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LondonNet Clubs Guide

LondonNet Gig Review


RTX,  Photo: Sasha Eisenman., courtesy of Drag City.RTX
24/02/05

Electrowerkz
7 Torrens Street
London EC1V 1NQ


Sin Infinitives
Erstwhile Royal Trux singer has cleaned up her act but, thankfully, not her
sound

An exodus of moderate proportions was already underway when RTX launchedinto the G'n'R-tinged throttler "Joint Chief". More than a few fair-weather fans marched out, literally with middle fingers blazing, because they just couldn't take Jen Herrema - clad in her giant poncho with huge fur collar and denim with more holes than material, dripping with mammoth silver and turquoise accoutrements, hair a bleached-out rat's nest - taking a nonchalant swing at a feedback-emitting microphone and then refusing to sing for five songs, just moodily strutting around the stage striking rock god poses, including the occasional Keith Richards-style slouchy lean against guitarist Jaimo Welch. The bassist looked straight out of 1985, wearing a shrunken waistcoat and an Axl-style rag over his straggly, greasy mane.

Fuelled by an unbroken chain of Virginia Slim 100s, Herrema exuded bad attitude and hell-bound indifference, which, apparently, turned off some people expecting something else, though god knows what. Those are precisely the qualities that everyone - or at least I - reveres her for, and adding it to her melding of leggy, wasted loveliness, backwoods scuzziness and genuine American sleaze, she's an icon of underground glamour. And then there's the voice - a creature of its own, a feral, drug-ravaged, phlegm-hocking howl that sneered, drawled and spit through the fetid bogs of so many Royal Trux albums that scored my adolescence. If I could have seen Herrema and Hagerty during the peak of my 16-year-old Royal Trux hero-worshipping and they had displayed a similar brand of flagrant disinterest in pleasing the audience, I probably would have swooned, which is why I didn't get the displeasure of this contingent that apparently expected an audience appreciation night for their cash. And if they hadn't already checked their balls at the cloakroom to avoid them being rocked off by the thunderingly tanked torrent of righteous riffage that is Bad Wizard, they were doubly screwed.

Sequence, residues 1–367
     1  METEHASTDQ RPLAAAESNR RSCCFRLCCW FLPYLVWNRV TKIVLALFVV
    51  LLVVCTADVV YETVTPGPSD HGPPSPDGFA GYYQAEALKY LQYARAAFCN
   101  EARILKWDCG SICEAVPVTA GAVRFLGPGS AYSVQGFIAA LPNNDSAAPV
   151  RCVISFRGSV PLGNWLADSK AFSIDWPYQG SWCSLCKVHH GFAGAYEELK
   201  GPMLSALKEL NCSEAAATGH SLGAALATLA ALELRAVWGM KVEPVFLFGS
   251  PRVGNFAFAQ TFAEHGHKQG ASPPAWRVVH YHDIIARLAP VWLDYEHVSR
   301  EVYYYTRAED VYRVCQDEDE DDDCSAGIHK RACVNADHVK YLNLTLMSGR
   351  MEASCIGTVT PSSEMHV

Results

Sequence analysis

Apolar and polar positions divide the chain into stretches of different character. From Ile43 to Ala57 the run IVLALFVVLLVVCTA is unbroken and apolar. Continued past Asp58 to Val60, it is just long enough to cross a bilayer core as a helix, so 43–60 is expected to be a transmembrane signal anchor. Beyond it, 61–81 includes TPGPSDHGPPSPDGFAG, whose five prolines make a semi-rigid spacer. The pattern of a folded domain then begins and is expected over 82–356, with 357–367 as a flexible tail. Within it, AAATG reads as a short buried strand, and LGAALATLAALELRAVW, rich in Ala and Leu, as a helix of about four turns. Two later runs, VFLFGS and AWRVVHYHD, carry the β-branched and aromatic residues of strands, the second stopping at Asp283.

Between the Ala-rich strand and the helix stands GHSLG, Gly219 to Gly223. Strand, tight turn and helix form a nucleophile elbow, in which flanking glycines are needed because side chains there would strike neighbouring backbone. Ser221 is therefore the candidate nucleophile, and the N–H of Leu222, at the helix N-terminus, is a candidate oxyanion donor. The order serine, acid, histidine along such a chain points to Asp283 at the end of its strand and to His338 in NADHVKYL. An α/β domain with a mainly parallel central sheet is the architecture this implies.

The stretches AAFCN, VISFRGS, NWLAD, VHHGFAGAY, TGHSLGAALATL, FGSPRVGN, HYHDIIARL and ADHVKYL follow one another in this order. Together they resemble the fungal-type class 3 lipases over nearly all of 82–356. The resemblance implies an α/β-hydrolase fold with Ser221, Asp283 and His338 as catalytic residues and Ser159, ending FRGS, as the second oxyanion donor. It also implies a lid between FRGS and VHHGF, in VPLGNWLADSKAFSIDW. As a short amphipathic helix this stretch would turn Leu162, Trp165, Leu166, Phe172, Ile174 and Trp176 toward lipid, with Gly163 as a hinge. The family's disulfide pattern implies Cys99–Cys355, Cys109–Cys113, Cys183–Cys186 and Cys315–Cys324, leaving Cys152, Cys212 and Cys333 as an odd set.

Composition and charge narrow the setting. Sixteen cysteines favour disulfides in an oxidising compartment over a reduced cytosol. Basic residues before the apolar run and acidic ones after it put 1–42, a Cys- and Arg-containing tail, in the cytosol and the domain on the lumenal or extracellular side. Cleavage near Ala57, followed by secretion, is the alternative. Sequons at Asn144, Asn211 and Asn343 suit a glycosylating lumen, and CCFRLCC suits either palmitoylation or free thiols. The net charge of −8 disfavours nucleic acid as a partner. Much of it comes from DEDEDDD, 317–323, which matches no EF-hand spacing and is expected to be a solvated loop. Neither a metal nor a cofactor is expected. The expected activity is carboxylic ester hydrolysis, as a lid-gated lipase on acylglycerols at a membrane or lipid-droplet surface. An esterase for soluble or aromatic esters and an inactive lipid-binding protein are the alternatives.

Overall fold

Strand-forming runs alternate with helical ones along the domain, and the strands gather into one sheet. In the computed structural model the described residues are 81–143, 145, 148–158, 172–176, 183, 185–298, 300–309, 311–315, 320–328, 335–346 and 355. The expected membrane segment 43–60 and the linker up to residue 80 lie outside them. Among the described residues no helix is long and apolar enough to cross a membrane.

The band behind Herrema kept the Camaro running, though, while Herrema sauntered around stage, blistering through the behemoth of an album opener known as Limozine, the gorgeously anthemic Speed to Roam, the eerie Heavy Gator, and the sparse power ballad PB&J. After some earnest imploring from a PR guy that commandeered the microphone, saying, "C'mon, Jen, sing for them!" Herrema reluctantly reclaimed the mike, rolling through Pulling Out Now and the epic Resurrect between swigs of champagne, but not before muttering defiantly about not being accustomed to doing what's asked of her. An anticlimactic end saw Herrema and co. practically drop their instruments and sulk offstage, prompting a litany of expletives from some of the audience. But for a band whose album cover art is a grotesquely arcane, beautiful drawing of two skulls melded by a shared set of teeth and eye sockets, fronted by a woman who's never been inclined to yield to commerciality or public opinion, it was a perfect conclusion to what had become a resolute, characteristically Trux rebuttal to all those too uptight to sit back and enjoy the entropy stirred up by rock'n'roll's veterans of disorder.

Ashley Brown

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